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As historic St. Joseph’s School in Baramulla Kashmir faces closure, alumni plead – save students’ future

Ziraat Times Team Report

Baramulla, Feb 3: As the historic Saint Joseph’s School in Baramulla, Kashmir, is facing an uncertain future after the Department of Education refused to renew the school’s lease on the land it is built on, the school alumni, students, parents and the Private Schools Association are pleading the government to save the school from closure.
The school, which was established in 1905, and has played a significant role in promoting education in north Kashmir,  is currently operating from a piece of leased which has been leased to it by the government, like many other similar schools across Jammu & Kashmir.
Saint Joseph’s School in Baramulla one of the four remaining missionary schools in Kashmir, besides Presentation Convent School, Srinagar, Tyndale Biscoe and Mallinson Schools and Burn Hall School.

“The lease for Saint Joseph’s expired in 2018, and the school management has been trying to renew it ever since without success”, a school official said.In April 2022, the Department of Education issued an order stating that it would not renew the leases of private schools in J&K operating on state land. This order was followed by another order in December 2023, which stated that students of such schools would be tagged to neighboring government schools for board examinations.

Now, concerned at the prospect of the closure of the St. Joseph’s School, which has been nurtured by eminent education missionaries both in the pre partition and post partition times, the school alumni, present students, the school management and parents’ association have appealed to the government to save the rich legacy of this school and reconsider its decision.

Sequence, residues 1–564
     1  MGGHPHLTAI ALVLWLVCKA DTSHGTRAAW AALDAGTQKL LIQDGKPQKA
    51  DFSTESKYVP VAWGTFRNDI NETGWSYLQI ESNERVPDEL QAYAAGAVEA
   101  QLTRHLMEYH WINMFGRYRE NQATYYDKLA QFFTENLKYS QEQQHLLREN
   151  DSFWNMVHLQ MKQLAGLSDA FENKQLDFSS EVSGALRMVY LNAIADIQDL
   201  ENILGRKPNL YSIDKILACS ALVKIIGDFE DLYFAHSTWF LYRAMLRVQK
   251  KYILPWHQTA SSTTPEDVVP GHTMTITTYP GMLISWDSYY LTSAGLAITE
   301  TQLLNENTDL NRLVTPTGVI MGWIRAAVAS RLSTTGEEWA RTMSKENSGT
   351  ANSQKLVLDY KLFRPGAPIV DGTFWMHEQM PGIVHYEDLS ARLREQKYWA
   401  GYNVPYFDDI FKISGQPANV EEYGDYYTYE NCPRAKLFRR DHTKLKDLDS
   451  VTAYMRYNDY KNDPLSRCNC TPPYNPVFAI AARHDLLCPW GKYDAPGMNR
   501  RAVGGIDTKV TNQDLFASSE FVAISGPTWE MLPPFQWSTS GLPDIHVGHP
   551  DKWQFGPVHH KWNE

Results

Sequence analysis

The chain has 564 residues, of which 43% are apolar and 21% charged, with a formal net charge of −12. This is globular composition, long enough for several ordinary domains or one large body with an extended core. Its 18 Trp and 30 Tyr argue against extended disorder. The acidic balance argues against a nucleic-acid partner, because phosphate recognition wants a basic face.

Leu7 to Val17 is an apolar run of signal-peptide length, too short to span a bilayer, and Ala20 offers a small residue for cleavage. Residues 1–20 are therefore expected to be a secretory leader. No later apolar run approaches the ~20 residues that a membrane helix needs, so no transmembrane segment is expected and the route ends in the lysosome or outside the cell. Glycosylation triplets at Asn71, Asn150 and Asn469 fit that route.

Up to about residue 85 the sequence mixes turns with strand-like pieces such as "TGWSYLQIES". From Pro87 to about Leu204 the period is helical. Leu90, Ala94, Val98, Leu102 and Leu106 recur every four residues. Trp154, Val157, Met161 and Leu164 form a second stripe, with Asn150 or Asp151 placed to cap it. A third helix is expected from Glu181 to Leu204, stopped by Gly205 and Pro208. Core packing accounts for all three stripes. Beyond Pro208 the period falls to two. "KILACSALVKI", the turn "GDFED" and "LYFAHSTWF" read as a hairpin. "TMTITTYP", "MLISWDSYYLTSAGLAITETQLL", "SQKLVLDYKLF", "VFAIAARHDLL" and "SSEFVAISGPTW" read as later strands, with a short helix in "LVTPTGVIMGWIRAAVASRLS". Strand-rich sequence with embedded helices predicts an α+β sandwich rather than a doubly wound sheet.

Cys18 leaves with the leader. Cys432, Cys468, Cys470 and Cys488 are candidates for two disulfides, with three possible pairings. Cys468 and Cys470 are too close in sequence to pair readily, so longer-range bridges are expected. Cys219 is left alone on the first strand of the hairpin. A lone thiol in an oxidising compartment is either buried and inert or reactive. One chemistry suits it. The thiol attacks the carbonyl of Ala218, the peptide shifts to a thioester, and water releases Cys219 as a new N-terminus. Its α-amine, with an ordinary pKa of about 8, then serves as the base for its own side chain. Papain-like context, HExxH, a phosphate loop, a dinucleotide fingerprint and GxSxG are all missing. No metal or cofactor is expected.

“It is emotionally very disturbing to me that this great school is now facing the possibility of having to close down”, said Nadia, an alumni, who has grown to become an IT engineer working for a leading company in Bangalore.

Parents are also worried that the move would leave hundreds of students without a school to attend.

“Schools like these have spread positive and empowering education. And it doesn’t matter which land they have been built on. Yes, there could be ways to ensure that private schools are more accountable and that their profits don’t disproportionately grow in comparison to the services they provide but schools like these should survive”, said Amrit Kaur, requesting not to quote her real name.

The school has this week issued a notice to parents stating that the management is “doing everything possible” to keep the school open, but it also acknowledged that the school’s future was uncertain.

Meanwhile, the Private Schools Association of Jammu and Kashmir (PSAJK) has expressed its ‘deep concern and disappointment’ regarding the recent closure of Registration Return Forms (RRFs) by the Board of School Education (BOSE) for the school.
The recent news of registration denial to students of the prestigious Saint Joseph School Baramulla, an institution with a 100-year legacy, has sent shockwaves through the entire education community in Kashmir. If such an established institution can be targeted, then it seems no other school is immune, the association said.
“We urge the authorities to understand the gravity of this situation,” said a spokesperson of PSAJK. “This decision is not just bureaucratic, it is deeply emotional. It disrupts the lives of countless families and shatters the dreams of our children.”
“We are heartbroken to see the future of our children being jeopardized by the continuation of these insensitive decisions,” said the spokesperson. “The closure of RRFs leaves thousands of students in limbo, unable to register for upcoming exams from their respective schools and thus jeopardizing their academic progression.”
“The impact of this decision extends far beyond individual students. With every similar step we may face ultimate closure of hundreds of private schools. It throws the livelihood of thousands of teachers and school staff into uncertainty and threatens the very existence of numerous private schools in the valley”, PSAJK said.
“While we appreciate the efforts of the J&K High Court in directing the authorities to comply with its directions regarding provisional recognition and RRFs, the continued non-implementation of court orders raises serious concerns about the administration’s commitment to the rule of law and the welfare of its citizens”, PSAJK said.
The PSAJK has urged the Lieutenant Governor’s office to intervene for the sake of students’ educational and emotional wellbeing and instruct BOSEK to reverse this decision.
An official of J&K Bose of School Education said that the measure facing Saint Joseph School was not an isolated one, and that the registration of schools built on state land is under re-consideration.

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